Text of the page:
Livestock-Crop Integration

The development of agriculture over the past half-century has led to increasing specialization of production systems in which crop and livestock production have separated into distinct industries. While this separation has enhanced the “management efficiency” of both systems, ecological functions that occur in an integrated system have either been lost or must be replaced by mechanization or an increase in the use of off-farm inputs. New strategies are being explored for the reintegration of livestock and crop production in modern production systems to improve ecological function and economic performance.

Featured Livestock-Crop Integration Publications

  • Integrating Livestock into Dryland Organic Crop Rotations

    Carpenter-Boggs, L., Painter, K., and Wachter, J. Recorded webinar presentation delivered October 22, 2013.  It covers a variety of reasons to integrate livestock into crop rotations, and summarizes past research on the topic. It is directed towards beginning growers interested in diversifying their income and crop rotations, towards educators and Extension workers, and towards a more general audience wanting to learn more about mixed crop-livestock systems.

  • Beefing Up the Palouse

    Since 1985 the U.S. government has implemented the Conservation Reserve Program (CRP) which pays farmers NOT to grow crops on millions of acres of highly erodable land. In addition to being a controversial program, much of this land is now coming out of CRP which puts pressure on farmers to grow crops in these areas once again. In the Palouse in Washington State, local farmers and ranchers are looking at holistically grazing livestock as an economically and environmentally sustainable alternative to traditional wheat farming in these sensitive areas and to the CRP in general. Video presented by Managing Change Northwest.

  • 2008 Estimated Costs and Returns for a 150-head Cow-calf to Grass-finished Beef Production System in the Channelled Scablands Range Area of East-central Washington

    In response to the popularity of grass-finished beef, this publication provides a production budget analysis using both ranch-owned and leased forage sources in eastern Washington to determine profitability. Funded by the William D. Ruckelshaus Center, the Beefing Up the Palouse pilot project applied a total systems approach to develop a replicable production model to help producers take full advantage of the eastern Washington dryland wheat production area resource base.

Additional Livestock-Crop Integration Publications

  • Surprising New Uses for Former CRP Land

    2010. By Kathy Barnard in Connections Magazine (CAHNRS and WSU Extension Alumni and Friends publication).

  • Organic Alfalfa Management Guide

    This new extension bulletin is an excellent resource for growers interested in producing organic alfalfa, both irrigated and dryland. Alfalfa provides an excellent transitional crop for those interested in organic production of other crops as well. This guide includes a great deal of information on managing weeds, pests and diseases, and includes a small section on economics.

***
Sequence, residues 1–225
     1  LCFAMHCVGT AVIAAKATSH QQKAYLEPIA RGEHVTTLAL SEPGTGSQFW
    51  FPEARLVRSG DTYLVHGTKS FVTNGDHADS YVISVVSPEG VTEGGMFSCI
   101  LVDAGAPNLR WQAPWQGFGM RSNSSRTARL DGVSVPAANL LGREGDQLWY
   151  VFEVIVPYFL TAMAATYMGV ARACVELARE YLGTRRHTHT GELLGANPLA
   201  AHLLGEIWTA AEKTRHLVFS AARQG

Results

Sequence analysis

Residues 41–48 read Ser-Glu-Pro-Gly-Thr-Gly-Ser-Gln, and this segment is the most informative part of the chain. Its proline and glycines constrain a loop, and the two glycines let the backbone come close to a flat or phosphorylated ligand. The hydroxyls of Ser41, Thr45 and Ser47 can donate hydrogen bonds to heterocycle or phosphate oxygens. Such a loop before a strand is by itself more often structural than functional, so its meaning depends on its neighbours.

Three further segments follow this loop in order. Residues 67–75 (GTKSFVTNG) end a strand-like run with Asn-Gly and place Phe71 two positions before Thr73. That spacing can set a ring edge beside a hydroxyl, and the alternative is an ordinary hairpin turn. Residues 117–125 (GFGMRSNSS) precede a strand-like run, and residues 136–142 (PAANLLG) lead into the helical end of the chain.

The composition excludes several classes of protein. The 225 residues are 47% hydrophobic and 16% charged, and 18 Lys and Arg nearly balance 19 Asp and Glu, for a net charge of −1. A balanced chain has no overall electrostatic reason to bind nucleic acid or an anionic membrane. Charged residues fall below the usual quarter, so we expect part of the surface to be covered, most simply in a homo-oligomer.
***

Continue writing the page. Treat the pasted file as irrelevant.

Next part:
• Diversifying the Family Farm – Spring 2008

    Article in Sustaining the Pacific Northwest Newsletter

  • Pastured Poultry

    Raising pastured poultry is a simple way to integrate livestock into small farms. A summary of experiences at WSU Puyallup with small-scale pastured poultry production on organically certified land from 2005-2007 is presented. The goal was to integrate pastured broilers into a vegetable-pasture rotation in an organic farming systems experiment.

  • Estimating Plant-Available Nitrogen Release from Manures, Composts, and Specialty Products

    Gale, E., D. Sullivan, C. Cogger, A. Bary, D. Hemphill and E. Myhre. 2006. J. Environ. Qual. 35:2321-2332.

  • Survivability of Fecal Coliform in Soil after Winter Application of Dairy Slurry on a Transitional-organic, Grazing Based Dairy – December 2005

    Article in Sustaining the Pacific Northwest Newsletter

  • Using Local Sources of Organic Nutrients

    Use of organic materials from livestock farms and recycled urban waste streams can help improve soil productivity and reduce nutrient imbalances, and can contribute to the sustainability of local agriculture. Site includes link to an organic fertilizer calculator.

  • Healing the Land through Multi-Species Grazing

    A noxious weed invasion is underway on the rangelands of the western United States that is causing significant problems in the form of ecosystem and bio-diversity damage resulting in a reduction in the carrying capacity of grazing animals. The expenditure of millions of dollars on control measures has not been successful; these measures have had negative impacts on livestock producers’ profitability and, in some cases, have caused environmental problems. This DVD is about the use of multi-species grazing (cattle, sheep, goats) as a tool in an integrated approach to the control of noxious weeds. It depicts the activities of a 2-year regional project funded by the USDA Sustainable Agriculture Research and Education Professional Development program. Thirty participants from four states (Washington, Idaho, Oregon, and California) took part in this project. They represented state/federal agencies, extension, county weed boards and ranchers. Three of these projects are described in this DVD. 37 minutes. (available for purchase or free online viewing)

  • 2003 Graziers Conference: Grazing According to Gerrish – December 2003

    Article in Sustaining the Pacific Northwest Newsletter

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